Effect of elevated CO<inf>2</inf> and spectral quality on whole plant gas exchange patterns in tomatoes
Lanoue, J., Leonardos, E.D., Khosla, S., Hao, X., Grodzinski, B. (2018). Effect of elevated CO<inf>2</inf> and spectral quality on whole plant gas exchange patterns in tomatoes, 13(10), http://dx.doi.org/10.1371/journal.pone.0205861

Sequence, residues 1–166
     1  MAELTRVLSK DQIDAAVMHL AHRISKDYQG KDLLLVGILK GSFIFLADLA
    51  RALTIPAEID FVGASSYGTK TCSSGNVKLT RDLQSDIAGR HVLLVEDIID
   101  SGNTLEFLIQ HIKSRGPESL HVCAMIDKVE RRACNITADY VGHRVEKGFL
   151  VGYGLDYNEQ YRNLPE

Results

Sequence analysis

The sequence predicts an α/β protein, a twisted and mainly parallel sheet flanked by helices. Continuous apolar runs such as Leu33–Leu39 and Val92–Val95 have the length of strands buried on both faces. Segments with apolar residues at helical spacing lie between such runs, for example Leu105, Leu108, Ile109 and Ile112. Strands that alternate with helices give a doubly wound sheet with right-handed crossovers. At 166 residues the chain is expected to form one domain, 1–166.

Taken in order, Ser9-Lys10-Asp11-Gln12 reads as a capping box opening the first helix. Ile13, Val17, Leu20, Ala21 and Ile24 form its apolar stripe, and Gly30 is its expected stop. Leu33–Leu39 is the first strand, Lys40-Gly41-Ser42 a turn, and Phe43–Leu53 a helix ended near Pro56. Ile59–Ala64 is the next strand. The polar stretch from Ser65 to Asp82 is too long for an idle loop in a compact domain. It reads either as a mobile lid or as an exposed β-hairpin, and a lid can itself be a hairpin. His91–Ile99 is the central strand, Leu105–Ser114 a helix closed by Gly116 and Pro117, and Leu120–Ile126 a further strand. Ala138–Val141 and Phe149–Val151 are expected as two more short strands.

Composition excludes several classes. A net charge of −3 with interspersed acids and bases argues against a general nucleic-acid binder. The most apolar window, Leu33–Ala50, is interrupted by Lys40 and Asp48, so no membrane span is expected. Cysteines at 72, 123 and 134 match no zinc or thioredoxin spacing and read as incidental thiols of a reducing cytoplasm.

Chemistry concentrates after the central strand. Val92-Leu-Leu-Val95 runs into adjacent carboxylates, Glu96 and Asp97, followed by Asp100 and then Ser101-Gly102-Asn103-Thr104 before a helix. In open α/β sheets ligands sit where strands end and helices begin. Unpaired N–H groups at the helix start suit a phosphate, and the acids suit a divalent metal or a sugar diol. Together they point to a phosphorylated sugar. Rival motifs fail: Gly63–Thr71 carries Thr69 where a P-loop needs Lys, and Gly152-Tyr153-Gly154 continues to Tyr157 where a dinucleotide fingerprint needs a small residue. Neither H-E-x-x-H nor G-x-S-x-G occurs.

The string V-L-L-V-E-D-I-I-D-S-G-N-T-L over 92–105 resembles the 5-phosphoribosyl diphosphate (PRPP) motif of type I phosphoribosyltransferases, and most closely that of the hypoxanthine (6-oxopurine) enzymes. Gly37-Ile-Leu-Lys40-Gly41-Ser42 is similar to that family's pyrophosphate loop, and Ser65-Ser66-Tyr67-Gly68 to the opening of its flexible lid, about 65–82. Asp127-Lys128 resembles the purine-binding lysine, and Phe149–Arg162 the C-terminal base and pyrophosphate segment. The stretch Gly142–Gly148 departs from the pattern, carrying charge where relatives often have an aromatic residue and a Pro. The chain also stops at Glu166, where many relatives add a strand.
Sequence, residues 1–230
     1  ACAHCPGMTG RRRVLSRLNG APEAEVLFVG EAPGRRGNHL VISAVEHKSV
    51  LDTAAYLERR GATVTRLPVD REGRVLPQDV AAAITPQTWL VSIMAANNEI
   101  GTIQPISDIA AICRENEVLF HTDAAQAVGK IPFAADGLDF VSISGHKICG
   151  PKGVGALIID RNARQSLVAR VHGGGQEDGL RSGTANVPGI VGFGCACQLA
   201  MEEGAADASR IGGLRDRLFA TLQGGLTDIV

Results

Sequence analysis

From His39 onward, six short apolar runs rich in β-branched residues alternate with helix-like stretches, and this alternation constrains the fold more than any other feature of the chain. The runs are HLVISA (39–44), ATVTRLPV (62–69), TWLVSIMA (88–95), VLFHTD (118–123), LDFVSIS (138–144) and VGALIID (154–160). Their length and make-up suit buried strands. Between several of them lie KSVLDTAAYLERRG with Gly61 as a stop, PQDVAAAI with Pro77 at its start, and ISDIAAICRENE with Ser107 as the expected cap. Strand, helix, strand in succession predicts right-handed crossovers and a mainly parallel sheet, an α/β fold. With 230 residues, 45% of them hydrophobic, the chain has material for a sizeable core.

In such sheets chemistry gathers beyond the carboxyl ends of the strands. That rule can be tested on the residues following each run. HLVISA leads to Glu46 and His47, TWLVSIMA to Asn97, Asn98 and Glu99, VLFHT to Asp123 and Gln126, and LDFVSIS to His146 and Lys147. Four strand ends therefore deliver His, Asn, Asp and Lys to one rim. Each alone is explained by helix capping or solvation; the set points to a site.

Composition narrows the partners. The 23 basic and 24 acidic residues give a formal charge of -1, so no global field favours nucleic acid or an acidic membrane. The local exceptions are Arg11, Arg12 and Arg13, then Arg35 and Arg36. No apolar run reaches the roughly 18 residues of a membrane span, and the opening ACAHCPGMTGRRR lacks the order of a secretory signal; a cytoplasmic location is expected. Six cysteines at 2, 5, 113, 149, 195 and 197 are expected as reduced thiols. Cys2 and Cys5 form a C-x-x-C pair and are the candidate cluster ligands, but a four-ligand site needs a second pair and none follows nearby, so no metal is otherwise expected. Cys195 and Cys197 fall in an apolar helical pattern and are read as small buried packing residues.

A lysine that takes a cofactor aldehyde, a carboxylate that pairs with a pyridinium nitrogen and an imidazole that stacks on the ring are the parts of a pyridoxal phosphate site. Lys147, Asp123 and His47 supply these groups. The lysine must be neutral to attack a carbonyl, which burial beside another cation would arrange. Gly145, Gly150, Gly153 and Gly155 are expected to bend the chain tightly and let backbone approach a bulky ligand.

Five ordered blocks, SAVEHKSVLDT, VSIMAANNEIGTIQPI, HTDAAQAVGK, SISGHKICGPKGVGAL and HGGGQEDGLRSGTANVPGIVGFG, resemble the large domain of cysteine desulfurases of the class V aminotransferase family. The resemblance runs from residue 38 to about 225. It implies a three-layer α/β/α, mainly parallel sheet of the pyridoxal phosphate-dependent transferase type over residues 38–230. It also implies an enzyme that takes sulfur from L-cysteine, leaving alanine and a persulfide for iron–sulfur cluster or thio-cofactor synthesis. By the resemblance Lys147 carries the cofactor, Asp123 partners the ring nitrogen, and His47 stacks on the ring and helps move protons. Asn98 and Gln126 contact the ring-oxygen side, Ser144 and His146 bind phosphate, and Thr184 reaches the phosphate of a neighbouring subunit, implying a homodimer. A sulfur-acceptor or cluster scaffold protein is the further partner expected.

© 2018 Lanoue et al. This is an open access article distributed under the terms of the Creative Commons Attribution License, which permits unrestricted use, distribution, and reproduction in any medium, provided the original author and source are credited. In controlled environment plant production facilities, elevating either light or CO2 levels generally has led to increased biomass and yield due to enhanced canopy photosynthesis. Today, advancements in light-emitting diodes (LEDs) have made this technology a viable option for both supplementary lighting in greenhouses and a sole lighting source in controlled environment chambers. Our study used tomato plants grown under both ambient CO2 (AC) and elevated CO2 (EC) conditions then exposed them to various CO2 and lighting treatments during both whole plant and leaf level measurements. Plants grown under EC reached the first flower developmental stage 8 days sooner and were approximately 15cm taller than those grown under AC. However, under AC plants had more leaf area while their dry weights were similar. Of note, under EC chlorophyll a and b were lower, as were carotenoids per unit leaf area. Whole plant analyses, under all CO2 challenges, showed that plants exposed to high-pressure sodium (HPS), red-blue LED, and red-white LED had similar photosynthesis, respiration, and daily carbon gain. Under different light qualities, day-time transpiration rates were similar among CO2 conditions. Day-time water-use efficiency (WUE) was higher in plants grown and exposed to EC. Similarly, WUE of plants grown under AC but exposed to short-term elevated CO2 conditions was higher than those grown and tested under AC during all light treatments. Under all CO2 conditions, plants exposed to red-white and red-blue LEDs had lower WUE than those exposed to HPS lighting. Assessing alterations due to CO2 and light quality on a whole plant basis, not merely on an individual leaf basis, furthers our understanding of the interactions between these two parameters during controlled environment production. Principle component analyses of both whole plant and leaf data indicates that increasing CO2 supply has a more dramatic effect on photosynthesis and WUE than on transpiration.
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